At this point, your Virtual Camera needs to have its placement determined, and the process for doing so is quite different depending on what type of Experiences the camera was created to capture with:
VR Cameras combine the virtual scene from SteamVR or Oculus experiences with the physical one and so take on the alignment of the Video Input being mixed in. This means that before we can see fully realized mixed reality video output, we need to determine the location of the Video Input rather than the Virtual Camera. To make this process as straightforward as possible, MixCast provides an easy to follow Controller Calibration process (previously referred to as Quick Align) that can be performed in the headset or while looking at a desktop monitor. This process does require that you have SteamVR installed and have at least 1 Controller connected and tracked.
TRACKED VIDEO INPUTS
After selecting your camera’s Physical Input device, you’ll see the following screen:
If you intend to be able to move your Physical Input device while active and/or without re-calibrating alignment, you’ll need to affix a Tracked Object to it rigidly so that MixCast can be kept in the loop on its location.
Click Continue once you’ve selected the appropriate device (or left it as None if configuring a non-moving camera).
You’ll now see the following screen:
Click the central button to trigger Controller Calibration to determine the location of your Physical Input device.
It’s now recommended that you put on your VR headset and perform the alignment calibration process by following the instructions shown within the experience (you can also perform this process without putting on the headset if you can see the desktop monitor while moving about your tracked space). This process involves holding your VR controller in such a way that it aligns with the visible marker displayed over the Video Input feed. The first instance will be performed right at the position of the lens of the camera, with the following steps requiring the user to step back and hold the controller so it appears closer to one of the corners of the view.
During the confirmation/verification phase of the process, hold up your controllers to compare the virtually rendered geometry with the real controllers. This process can be repeated until the required precision is achieved.
Select Confirm once you’re happy with your results.
Now that you’ve completed calibration, you may find with all Tracked Objects held still that the physical and virtual layers overlap correctly, but that when in motion the virtual or physical controllers lag behind their counterparts. This is known as ‘latency’ between the camera and the computer. This can be compensated for by adjusting the Delay Compensation parameter of the Physical Device in the Preferences Window.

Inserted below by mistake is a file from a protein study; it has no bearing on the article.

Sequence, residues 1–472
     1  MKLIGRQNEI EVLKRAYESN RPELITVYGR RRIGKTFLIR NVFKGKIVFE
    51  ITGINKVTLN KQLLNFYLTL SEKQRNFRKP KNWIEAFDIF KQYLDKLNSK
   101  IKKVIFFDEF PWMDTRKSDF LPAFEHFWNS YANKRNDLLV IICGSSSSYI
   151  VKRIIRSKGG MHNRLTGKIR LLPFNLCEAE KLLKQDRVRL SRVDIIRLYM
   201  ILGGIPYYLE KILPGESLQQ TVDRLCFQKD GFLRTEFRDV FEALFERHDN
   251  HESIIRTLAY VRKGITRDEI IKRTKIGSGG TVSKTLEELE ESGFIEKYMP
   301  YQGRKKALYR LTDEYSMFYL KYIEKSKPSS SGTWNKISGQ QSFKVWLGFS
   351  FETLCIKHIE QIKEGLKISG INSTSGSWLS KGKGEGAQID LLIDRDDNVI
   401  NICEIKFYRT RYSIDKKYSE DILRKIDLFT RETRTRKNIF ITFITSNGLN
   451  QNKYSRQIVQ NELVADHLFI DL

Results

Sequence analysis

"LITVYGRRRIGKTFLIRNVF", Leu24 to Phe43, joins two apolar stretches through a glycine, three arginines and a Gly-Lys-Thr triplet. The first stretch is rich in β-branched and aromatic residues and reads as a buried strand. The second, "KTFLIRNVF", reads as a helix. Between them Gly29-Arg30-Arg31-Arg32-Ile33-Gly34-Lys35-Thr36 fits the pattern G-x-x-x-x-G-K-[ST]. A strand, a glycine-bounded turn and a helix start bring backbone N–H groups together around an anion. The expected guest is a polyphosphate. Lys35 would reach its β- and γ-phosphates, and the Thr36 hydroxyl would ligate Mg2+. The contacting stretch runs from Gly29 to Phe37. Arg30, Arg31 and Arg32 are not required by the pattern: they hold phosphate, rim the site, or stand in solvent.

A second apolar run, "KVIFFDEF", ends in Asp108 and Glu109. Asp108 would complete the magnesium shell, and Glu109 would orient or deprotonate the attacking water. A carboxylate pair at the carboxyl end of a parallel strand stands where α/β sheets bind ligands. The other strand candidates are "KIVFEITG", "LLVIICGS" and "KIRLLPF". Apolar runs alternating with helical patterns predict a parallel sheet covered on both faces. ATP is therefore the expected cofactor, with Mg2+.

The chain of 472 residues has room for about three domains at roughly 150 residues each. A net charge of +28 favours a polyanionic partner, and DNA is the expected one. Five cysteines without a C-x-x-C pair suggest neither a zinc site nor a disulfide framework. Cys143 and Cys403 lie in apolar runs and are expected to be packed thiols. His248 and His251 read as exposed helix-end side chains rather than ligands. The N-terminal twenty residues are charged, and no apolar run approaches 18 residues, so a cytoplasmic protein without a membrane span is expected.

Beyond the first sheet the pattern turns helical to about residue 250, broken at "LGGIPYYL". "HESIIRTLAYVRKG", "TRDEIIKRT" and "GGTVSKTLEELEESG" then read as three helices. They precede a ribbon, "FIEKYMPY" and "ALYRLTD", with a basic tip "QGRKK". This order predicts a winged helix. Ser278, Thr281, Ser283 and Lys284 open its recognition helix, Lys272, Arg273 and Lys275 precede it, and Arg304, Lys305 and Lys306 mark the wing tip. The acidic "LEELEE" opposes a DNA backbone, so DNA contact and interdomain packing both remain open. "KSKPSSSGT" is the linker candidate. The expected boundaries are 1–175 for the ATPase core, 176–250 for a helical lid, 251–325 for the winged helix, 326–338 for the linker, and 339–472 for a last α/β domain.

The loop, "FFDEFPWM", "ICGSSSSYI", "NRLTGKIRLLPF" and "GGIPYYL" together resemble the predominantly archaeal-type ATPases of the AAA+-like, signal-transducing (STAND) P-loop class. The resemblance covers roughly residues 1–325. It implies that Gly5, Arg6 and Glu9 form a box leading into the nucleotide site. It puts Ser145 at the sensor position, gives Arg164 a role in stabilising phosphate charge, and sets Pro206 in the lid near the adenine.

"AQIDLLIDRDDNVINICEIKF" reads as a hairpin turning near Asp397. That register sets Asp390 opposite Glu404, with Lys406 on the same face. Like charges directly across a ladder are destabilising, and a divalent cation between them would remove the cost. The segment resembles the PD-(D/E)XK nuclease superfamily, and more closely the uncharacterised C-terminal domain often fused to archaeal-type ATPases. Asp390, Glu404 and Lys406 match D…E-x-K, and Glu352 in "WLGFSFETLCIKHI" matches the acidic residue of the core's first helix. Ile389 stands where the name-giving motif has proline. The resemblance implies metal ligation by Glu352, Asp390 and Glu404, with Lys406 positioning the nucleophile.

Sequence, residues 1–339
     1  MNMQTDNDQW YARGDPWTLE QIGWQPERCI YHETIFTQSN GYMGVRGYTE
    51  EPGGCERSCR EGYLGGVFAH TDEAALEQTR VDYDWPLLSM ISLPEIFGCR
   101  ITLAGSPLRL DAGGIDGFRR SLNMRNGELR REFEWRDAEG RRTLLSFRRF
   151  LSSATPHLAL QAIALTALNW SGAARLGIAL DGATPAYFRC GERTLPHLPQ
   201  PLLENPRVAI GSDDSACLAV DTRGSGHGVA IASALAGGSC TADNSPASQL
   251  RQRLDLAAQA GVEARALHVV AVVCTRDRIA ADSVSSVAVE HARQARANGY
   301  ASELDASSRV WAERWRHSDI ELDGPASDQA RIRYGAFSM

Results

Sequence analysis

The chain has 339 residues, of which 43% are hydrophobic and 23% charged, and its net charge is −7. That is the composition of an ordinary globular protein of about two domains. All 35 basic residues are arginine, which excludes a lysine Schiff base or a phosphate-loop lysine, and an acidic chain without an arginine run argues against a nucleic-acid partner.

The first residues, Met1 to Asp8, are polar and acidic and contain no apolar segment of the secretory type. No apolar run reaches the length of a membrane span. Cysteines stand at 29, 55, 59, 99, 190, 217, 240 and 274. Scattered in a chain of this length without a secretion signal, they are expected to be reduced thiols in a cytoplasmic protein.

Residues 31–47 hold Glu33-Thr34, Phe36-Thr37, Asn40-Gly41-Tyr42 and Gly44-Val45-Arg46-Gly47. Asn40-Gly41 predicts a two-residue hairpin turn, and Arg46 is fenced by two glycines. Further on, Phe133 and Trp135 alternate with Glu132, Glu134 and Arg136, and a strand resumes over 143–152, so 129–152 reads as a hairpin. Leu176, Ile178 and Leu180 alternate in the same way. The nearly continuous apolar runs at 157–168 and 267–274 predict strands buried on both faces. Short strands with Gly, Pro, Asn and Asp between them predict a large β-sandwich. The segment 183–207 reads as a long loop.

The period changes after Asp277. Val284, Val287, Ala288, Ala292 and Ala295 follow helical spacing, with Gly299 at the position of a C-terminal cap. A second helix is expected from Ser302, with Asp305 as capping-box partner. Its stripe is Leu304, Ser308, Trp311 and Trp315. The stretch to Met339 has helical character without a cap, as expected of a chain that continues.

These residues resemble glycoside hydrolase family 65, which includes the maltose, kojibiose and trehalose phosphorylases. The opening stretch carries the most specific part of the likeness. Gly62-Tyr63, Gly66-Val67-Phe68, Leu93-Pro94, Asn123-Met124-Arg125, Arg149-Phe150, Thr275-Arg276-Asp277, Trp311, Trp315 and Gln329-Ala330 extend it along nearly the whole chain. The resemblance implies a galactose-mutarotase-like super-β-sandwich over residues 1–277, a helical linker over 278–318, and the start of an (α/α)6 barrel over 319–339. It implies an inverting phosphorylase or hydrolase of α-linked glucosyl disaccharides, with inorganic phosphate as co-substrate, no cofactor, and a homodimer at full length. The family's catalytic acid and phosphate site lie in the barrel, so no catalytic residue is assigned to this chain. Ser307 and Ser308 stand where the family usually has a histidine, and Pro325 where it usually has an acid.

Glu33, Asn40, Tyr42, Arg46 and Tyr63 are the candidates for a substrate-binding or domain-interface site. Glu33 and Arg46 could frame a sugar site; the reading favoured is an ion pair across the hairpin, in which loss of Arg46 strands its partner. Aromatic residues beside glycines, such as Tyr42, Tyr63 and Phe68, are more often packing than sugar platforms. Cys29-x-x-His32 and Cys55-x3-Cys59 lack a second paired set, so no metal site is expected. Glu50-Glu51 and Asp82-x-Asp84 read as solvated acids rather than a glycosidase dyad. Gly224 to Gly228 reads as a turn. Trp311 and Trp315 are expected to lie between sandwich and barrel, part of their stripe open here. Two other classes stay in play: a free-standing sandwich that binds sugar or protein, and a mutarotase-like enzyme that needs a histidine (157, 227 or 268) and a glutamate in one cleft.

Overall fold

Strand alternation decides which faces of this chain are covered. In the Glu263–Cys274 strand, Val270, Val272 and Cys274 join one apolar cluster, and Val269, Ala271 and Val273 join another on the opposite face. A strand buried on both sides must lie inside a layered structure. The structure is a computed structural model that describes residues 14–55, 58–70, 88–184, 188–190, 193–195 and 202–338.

Adjust this value until your virtual and physical controllers move in synchronicity.
Once your Video Input’s alignment and latency have been set, the only remaining task is to configure its background detection so your subject can appear in front of virtual content. Nearly there!
Tilt Five Cameras combine the virtual scene from Tilt Five experiences with the physical one and so align take on the alignment of the Video Input being mixed in. This means that before we can see fully realized mixed reality video output, we need to determine the location of the Video Input rather than the Virtual Camera. To make this process as straightforward as possible, MixCast provides an easy to follow Tilt Five Calibration process that automatically determines your Video Input’s alignment (and Field of View if necessary) by detecting the Tilt Five gameboard in the Video Input’s view!
TILT FIVE CALIBRATION
After selecting your camera’s Physical Input device, you’ll now see the following screen:
Triggering Tilt Five Calibration will open a new window on the desktop to show the results of the calibration. If the gameboard was detected successfully, MixCast will show you a virtual blue version of the gameboard overlaid on the Video Input feed. Review the results and select the button at the bottom of the window if you’re satisfied. You can retry the calibration from the button in the top left.
If the gameboard wasn’t successfully detected, MixCast will show you an overlay of the points in view of the Video Input were considered as potentially being the markers around the edge of the gameboard. You may need to adjust the lighting in the room or the camera settings to achieve a successful detection.
Once your Video Input’s alignment has been determined and you’ve hit Apply, your camera is ready to generate content! However, if you want to take your capture even further, you can configure its background detection to have your subject to appear in front of virtual content. Note that this functionality can only work under specific circumstances.
Virtual-Only Cameras aren’t compositing with a physical Video Input feed and are therefore far more ‘free’ when in comes to deciding where the camera is positioned or how it moves.
These cameras can of course be stationary but can also be set to follow the motion of a Tracked Object, and have more controls than with a Tracked Video Input since its motion doesn’t need to match the physical object exactly. For a full breakdown of MixCast’s Virtual-Only Camera placement options, check out this page.
Virtual-Only Cameras don’t have anything to display until you’ve started a compatible experience – If you’re using a VR system with MixCast, the VR Configuration app allows you to review your output as well as the the placement of the cameras within the headset, but if not, or you’d prefer to jump into another compatible experience to experiment further and begin generating content, you can do so now!